The empirical strategy employed is a difference-in-differences estimation comparing counties more and less exposed to tariff uncertainty before and after WTO accession, following related literature including Pierce and Schott (2016). Additional robustness checks demonstrate no evidence of statistically significant pre-trends, and the primary results are also robust to a range of controls allowing for differential trends for counties with different characteristics at baseline.

Figure 3 Increase in GDP post-WTO accession for counties exposed to tariff uncertainty ex-ante

Notes: These graphs report the coefficients on the interaction of dummy variables for each two-year interval and the county-level gap between NTR tariffs and the non-NTR rates, standardized to have mean 0 and standard deviation 1. The specifications estimated to construct panel A also include a number of control variables: an interaction of the post dummy and a dummy for high contract intensity, SOE quantile-year interactions, the industry-weighted MFA quota fill rate, the industry-weighted national tariff rate, the industry-weighted percentage of firms licensed to export, and the industry-weighted time-varying NTR rate. Province-year and county fixed effects are included, and the province-year fixed effects are interacted with an urban dummy. The specifications estimated to construct panel B include only the fixed effects of interest. Standard errors are estimated employing clustering at the county level, and the regressions are weighted with respect to baseline county-level employment.

Prior to 2002, there is little evidence of any significant difference in county-level output (GDP), comparing across counties with high and low NTR gaps. Post-2002, however, the gap emerges and becomes significant and positive, suggesting that counties that benefited more from the reduction in tariff uncertainty are growing more rapidly. Several robustness checks explore whether the results are robust to correcting for any differences in growth rates, comparing across high NTR and low NTR counties before 2002, with the positive effect of the NTR shock being persistent and significant.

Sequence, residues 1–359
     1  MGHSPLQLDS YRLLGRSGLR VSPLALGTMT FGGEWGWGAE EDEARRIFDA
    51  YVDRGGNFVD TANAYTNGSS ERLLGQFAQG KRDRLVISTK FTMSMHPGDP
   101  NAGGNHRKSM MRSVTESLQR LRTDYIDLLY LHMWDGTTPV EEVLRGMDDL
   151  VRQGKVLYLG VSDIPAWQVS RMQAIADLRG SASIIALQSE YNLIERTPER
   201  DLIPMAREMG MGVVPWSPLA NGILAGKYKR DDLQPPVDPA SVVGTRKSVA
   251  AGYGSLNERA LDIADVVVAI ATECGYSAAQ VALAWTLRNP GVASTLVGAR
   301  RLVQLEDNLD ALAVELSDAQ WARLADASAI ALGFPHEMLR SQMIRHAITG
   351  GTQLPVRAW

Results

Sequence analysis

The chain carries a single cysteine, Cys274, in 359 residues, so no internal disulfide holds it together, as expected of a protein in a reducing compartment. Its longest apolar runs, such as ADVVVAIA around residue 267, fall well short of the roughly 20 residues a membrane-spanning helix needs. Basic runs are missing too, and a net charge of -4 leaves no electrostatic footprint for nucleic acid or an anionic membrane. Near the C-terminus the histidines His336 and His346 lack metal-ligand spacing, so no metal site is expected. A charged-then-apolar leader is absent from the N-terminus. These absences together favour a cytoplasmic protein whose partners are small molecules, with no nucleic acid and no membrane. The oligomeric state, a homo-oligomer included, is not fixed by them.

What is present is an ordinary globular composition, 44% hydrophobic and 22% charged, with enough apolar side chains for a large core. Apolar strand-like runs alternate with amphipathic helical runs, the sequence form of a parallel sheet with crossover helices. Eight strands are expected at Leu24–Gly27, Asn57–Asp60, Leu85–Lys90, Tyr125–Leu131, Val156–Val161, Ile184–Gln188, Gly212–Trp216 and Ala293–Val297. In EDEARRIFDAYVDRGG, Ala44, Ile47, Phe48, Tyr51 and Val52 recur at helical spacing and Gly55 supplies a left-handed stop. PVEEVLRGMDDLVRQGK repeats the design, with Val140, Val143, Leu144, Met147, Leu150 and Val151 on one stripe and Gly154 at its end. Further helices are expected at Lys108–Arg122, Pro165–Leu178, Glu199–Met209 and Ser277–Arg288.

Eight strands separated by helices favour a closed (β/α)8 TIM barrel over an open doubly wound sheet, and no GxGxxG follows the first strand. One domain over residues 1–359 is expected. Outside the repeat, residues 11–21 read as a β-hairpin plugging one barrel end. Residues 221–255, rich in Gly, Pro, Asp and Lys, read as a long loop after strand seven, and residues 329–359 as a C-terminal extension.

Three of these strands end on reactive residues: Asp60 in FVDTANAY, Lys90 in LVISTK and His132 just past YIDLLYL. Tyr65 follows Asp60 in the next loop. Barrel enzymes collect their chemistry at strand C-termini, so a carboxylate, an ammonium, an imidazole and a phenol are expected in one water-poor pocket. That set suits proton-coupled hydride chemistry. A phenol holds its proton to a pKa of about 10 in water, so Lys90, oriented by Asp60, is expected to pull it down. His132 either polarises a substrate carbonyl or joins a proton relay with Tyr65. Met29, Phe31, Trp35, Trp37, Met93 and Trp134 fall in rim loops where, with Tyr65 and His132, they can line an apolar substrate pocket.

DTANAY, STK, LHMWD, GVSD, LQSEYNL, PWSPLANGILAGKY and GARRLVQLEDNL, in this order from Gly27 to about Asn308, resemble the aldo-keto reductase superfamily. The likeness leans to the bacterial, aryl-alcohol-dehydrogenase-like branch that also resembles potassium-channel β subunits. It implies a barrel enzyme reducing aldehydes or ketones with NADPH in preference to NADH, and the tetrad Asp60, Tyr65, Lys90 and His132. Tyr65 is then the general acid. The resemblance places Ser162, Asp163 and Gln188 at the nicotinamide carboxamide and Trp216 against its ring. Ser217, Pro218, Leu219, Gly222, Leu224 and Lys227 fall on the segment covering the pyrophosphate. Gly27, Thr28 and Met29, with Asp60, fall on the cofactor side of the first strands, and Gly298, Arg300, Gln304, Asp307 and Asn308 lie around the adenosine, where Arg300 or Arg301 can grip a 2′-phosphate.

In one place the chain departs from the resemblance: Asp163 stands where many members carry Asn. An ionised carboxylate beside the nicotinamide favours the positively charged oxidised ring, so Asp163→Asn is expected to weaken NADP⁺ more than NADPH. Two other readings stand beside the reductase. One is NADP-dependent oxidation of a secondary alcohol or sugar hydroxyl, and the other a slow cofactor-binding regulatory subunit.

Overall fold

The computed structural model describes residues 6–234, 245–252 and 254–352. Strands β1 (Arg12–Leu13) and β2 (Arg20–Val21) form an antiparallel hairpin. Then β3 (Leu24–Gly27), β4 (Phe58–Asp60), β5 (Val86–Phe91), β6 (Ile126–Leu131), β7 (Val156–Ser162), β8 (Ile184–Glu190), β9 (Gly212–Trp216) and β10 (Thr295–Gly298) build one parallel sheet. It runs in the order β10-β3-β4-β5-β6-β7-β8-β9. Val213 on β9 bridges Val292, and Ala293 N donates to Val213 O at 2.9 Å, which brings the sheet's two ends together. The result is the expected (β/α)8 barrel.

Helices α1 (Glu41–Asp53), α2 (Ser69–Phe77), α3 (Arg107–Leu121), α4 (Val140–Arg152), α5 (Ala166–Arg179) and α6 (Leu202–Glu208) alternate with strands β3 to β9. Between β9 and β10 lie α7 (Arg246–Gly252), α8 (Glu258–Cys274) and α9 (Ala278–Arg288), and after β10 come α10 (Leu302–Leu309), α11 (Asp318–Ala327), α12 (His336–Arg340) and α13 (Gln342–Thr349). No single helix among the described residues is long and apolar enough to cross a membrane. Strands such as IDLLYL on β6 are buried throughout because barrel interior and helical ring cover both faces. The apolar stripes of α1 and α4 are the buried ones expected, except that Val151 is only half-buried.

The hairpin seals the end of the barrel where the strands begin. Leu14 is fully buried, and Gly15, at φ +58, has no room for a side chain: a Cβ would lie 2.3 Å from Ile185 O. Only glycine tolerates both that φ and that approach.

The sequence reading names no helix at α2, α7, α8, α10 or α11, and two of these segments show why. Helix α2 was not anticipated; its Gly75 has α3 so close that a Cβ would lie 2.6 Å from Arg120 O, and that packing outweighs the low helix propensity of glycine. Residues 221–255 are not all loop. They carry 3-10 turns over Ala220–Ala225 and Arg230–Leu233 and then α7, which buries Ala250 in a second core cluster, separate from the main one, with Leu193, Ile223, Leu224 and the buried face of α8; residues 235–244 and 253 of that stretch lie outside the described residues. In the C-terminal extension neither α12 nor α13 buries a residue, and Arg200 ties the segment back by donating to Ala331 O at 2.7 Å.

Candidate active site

When we further explore these results, we can see that counties which risked more tariff uncertainty prior to WTO accession subsequently experienced significantly faster growth in exports, greater expansion in the secondary sector, and more rapid increases in total and per capita GDP following WTO accession in 2002. The expansion of the manufacturing sector driven by export growth also affects other sectors: productive factors shift out of agriculture, agricultural production declines, tertiary output expands, and there is some evidence of in-migration. Firm-level data suggests there is an increase in value-added per worker in manufacturing, as well as an increase in wages.

Contribution of China’s WTO accession to its GDP growth

Finally, through some back-of-the-envelope calculations we quantify the contribution of the reduction in trade uncertainty to growth in China during this period. The average county in this sample shows GDP growth of 1.2 log points in the post-WTO period. Our results suggest that for a county characterised by a mean NTR gap, the reduction in tariff uncertainty in the US market to zero results in an increase in GDP of 0.1 log points. Accordingly, export-driven growth enhanced by WTO membership accounts for approximately 10% of overall GDP growth. This suggests that the contribution of reduced trade uncertainty to county-level growth is meaningful, though clearly only a part of the overall story of Chinese growth during this period.


In recent years, an important economic and policy debate has highlighted the evidence around the adverse effects of increasing exports from China on economic, social, and even political outcomes in the US and Europe. Our research quantifies the positive China shock as experienced by China, thereby contributing to address the evidence gap identified by Goldberg and Pavcnik (2016) on the relationship between trade, growth, and structural transformation in the developing world. By analysing the impact of the reduction in tariff uncertainty on structural transformation at the local level in China, our study joins a limited literature evaluating the role of enhanced trade access in stimulating growth in developing countries. This evidence highlights the importance of securing access to advanced country markets for developing countries that pursue export-driven growth strategies. Documenting the implications of US trade for Chinese growth also contributes to a more complete understanding of the global impact of China’s rise as a global manufacturing powerhouse over the past two decades.